One of the problems with the Pagan blogosphere is that it represents only a small slice of Pagandom. Those who follow most of the “trending topics” that arise within it are a fraction of a fraction. It’s an engaged fraction to be sure, but it takes awhile for ideas to work their way through a community as large and diverse as modern Paganism. In that way the influence of blogs is a bit more subtle and hard to see, but those of us who engage in it on a day to day basis can see its influence. – Jason Mankey, blogger at “Raise the Horns,” Patheos Pagan Channel
I think that some blogs are influential and that others identify what is influential on the community. Pagan blogs tend to follow trends of topics, even across various sites, and I find that interesting. Identifying trends (and what isn’t trending) feels like a helpful gauge for what our community thinks is important and what isn’t. Sometimes those realizations are exciting and sometimes they’re very disappointing. – David Salisbury, author Teen Spirit Wicca
Blogging connects people from all over the world and provides a platform to humanity’s deep need to be heard. For Pagans, I see that blogging provides the opportunity for people to come together holding widely varied belief and create community and build identity, while using technology as the ‘magic.’ There is an equal playing field in blogging, at least in the beginning, that like the core of our diverse spirit has the power to build bridges and spread Pagan values and ideals.
Personally, blogging changed my life, by allowing in me the freedom to seek wisdom and explore it interactively with people from all walks of life. My ‘covenstead’ has in many ways become the blogosphere where the dialogue is rich, meaningful, sometimes contrary, but always an invitation to more. More magic. More Wisdom. More love. – Erick DuPree, blogger at “Alone in Her Presence”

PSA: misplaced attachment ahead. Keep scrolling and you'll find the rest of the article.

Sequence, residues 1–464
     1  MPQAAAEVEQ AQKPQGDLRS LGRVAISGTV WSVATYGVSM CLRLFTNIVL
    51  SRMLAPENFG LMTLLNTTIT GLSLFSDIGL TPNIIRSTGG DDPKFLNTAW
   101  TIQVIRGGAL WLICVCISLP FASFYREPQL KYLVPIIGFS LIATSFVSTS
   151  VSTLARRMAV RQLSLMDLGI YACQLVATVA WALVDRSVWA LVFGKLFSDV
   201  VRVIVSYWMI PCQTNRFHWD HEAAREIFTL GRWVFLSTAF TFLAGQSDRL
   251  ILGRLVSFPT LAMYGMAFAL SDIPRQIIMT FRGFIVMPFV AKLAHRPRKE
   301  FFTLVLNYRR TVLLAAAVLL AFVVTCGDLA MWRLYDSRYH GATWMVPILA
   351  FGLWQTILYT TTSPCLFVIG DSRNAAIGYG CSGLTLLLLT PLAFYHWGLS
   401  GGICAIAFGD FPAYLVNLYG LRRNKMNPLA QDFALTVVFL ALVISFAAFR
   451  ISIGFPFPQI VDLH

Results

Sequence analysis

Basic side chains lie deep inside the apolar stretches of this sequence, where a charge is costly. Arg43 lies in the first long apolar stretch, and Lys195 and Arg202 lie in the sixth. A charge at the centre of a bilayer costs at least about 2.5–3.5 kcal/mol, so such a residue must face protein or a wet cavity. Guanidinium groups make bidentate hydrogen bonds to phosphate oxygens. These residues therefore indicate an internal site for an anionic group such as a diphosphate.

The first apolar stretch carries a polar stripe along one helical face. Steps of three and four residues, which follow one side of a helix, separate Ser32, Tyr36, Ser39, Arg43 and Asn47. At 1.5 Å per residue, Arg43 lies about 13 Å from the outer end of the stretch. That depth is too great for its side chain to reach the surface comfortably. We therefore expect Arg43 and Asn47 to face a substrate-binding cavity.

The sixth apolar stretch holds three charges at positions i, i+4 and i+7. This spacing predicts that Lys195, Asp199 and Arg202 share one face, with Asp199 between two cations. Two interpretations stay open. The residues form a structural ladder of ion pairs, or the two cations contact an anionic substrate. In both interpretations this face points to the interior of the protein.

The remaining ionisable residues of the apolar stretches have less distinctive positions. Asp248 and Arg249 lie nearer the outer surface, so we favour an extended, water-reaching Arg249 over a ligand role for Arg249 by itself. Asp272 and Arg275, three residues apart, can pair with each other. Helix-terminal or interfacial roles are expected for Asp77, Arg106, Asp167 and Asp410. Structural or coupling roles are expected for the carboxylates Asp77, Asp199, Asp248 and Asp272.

Blogging is an act of justice that gives voice to those who are not often heard. In Peggy McIntosh’s “White People Facing Race: Uncovering the Myths That Keep Racism in Place”, a few of the myths that blogging destroys are the myth of white racelessness and the myth of monoculture. Blogging by Pagans of Color eradicates the stereotype that those who worship the Gods are, of necessity, uniform by nature and white by class, race or upbringing. Blogging makes it possible to see the corners,what is hidden from the rest of the world. Each myth destroyed, each level of resistance challenged and each open discussion about privilege in Paganism brings the overall community closer together. We are able to reveal what we know about ourselves to those who might not see beyond the once or twice a year encounters with those who embrace some level of paganism as a person of color. Blogs are a necessary counterbalance to the blandness that stereotypes the definition of “Pagan” in 2015. – Clio Ajana, blogger “Daughters of Eve,” Patheos Pagan Channel